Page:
The 2020 Toyota Highlander has received several updates from the 2019 model, but it doesn’t mean it’s a better SUV. You may do better purchasing a used Toyota Highlander instead. This way, you won’t overpay for the 2020 model that doesn’t provide enough value to be worth its steep price.
Why The Toyota Highlander Is Overpriced
To get started in the 2020 Toyota Highlander, you will need to spend about $34k for the base model. If you would like to upgrade to higher trim options, then the price will soar to around $40k or higher.
Also, purchasing the Toyota Highlander will not help you save on gas. It only gets up to 21 mpg in the city and 29 mpg on the highway.
However, if you’re in the market for a three-row SUV, then you will need to select a hybrid to get a better fuel economy.
Toyota Highlander Performance
There is only one engine option advisable with the Toyota Highlander. It’s a 3.5-liter V6 engine that offers 295 horsepower and 263 lb-ft of torque.
This amount of power allows the Highlander to up to 5,000 lb. However, competitors such as the Dodge Durango can tow over 7k pounds.
The Toyota Highlander has an eight-speed automatic transmission that allows it to accelerate from 0 to 60 in 7.5 seconds, which isn’t terrible. However, it is slower than the Kia Telluride.
Even though Kia has turned their game around to create fast and reliable options, A $34k vehicle isn’t supposed to be slower than one.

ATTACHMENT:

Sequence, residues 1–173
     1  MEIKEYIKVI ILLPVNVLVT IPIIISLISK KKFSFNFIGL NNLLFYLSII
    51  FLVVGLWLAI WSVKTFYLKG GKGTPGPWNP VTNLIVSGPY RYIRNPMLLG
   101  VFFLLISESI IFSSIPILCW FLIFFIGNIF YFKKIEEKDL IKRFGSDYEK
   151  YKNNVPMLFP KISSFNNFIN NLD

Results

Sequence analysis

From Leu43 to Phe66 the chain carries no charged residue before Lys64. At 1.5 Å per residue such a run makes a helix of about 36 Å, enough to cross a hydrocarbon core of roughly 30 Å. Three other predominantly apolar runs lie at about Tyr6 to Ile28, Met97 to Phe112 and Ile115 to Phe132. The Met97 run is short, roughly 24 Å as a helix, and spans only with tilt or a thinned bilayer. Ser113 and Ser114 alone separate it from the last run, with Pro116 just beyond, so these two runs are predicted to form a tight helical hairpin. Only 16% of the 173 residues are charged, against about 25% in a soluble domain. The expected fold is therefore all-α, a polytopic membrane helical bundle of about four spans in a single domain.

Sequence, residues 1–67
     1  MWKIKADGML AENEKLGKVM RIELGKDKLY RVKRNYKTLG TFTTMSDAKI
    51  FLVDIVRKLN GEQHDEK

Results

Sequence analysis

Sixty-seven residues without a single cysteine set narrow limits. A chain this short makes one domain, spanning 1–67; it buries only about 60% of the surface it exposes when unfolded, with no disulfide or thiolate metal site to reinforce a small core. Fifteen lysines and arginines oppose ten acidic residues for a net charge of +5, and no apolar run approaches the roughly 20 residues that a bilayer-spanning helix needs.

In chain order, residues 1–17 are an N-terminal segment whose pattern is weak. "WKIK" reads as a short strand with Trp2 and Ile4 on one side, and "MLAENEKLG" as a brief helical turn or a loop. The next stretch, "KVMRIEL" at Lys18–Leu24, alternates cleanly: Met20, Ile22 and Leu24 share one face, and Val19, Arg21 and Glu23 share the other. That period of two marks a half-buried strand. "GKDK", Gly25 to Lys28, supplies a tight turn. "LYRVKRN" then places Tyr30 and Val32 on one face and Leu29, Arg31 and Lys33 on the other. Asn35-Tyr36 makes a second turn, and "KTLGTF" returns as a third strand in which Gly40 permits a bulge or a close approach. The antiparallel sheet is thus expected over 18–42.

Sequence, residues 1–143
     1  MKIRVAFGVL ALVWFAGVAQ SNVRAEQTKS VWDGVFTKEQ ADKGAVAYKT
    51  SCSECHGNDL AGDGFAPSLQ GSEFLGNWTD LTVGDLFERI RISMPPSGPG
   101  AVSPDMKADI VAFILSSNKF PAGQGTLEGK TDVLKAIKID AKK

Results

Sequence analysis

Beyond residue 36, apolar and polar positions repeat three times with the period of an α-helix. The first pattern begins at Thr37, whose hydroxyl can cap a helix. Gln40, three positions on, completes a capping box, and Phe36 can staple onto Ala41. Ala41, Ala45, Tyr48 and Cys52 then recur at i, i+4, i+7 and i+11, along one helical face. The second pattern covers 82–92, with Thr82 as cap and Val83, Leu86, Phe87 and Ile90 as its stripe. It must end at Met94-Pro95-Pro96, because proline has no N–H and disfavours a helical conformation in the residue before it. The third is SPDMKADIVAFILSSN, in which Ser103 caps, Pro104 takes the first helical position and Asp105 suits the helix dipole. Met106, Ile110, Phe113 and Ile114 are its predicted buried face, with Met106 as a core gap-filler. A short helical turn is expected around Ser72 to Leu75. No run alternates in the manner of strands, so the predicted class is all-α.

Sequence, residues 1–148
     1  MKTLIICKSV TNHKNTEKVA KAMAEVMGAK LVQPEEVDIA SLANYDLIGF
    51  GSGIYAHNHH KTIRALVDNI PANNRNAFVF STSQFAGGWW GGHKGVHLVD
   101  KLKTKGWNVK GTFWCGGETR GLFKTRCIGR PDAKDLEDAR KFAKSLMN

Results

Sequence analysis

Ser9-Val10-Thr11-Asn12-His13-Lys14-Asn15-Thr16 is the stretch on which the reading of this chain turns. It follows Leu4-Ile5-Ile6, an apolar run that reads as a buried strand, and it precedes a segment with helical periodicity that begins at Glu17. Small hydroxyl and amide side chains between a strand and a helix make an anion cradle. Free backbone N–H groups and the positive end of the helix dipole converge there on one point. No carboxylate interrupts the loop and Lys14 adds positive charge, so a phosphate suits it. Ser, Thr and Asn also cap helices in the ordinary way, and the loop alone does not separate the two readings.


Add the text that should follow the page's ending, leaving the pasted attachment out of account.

On a positive note, the Toyota Highlander is offered in all-wheel-drive, giving drivers the ability to handle snow and drive to their campsites. However, AWD will make the fuel economy and pickup worse.
The 20” tires may make for a bumpier and louder ride around town. However, the MacPherson independent strut suspension and stabilizer bar in the front should help absorb impacts.
In a luxury SUV, you should expect some noise dampening technology, like triple-paned glass for a quiet, refined ride.
Toyota Highlander Features
The interior of the Toyota Highlander seems to be letting people down. The design involves faux wood and cheap plastic materials that provide a busy feel.
There is an 8” touchscreen infotainment center that can connect to Apple CarPlay, but it can’t connect to Android Auto. So, this is more of an iPhone friendly car.
If you spend a little more to upgrade to a higher trim, you will be able to access wireless charging and the built-in Wi-fi hotspot.
One of the biggest complaints about the Toyota Highlander includes its cramped interior. Despite growing 2.4 for a winder wheelbase, the Highlander lacks space compared to rivals.
In the third row, there are only 27.7 inches of legroom, which is less space than the Mazda CX-9 has to offer.
Behind the rear seats, there are 16 cubic feet of cargo space to utilize, so good luck packing all of your luggage. Also, there is only 48.4 cubic space to access total.
The Volkswagen Atlas, Buick Enclave, and Chevy Traverse, all provide more room as midsize SUVs. So, save your money when it comes to the Toyota Highlander for something more powerful, with a better interior, and enough room for your whole family.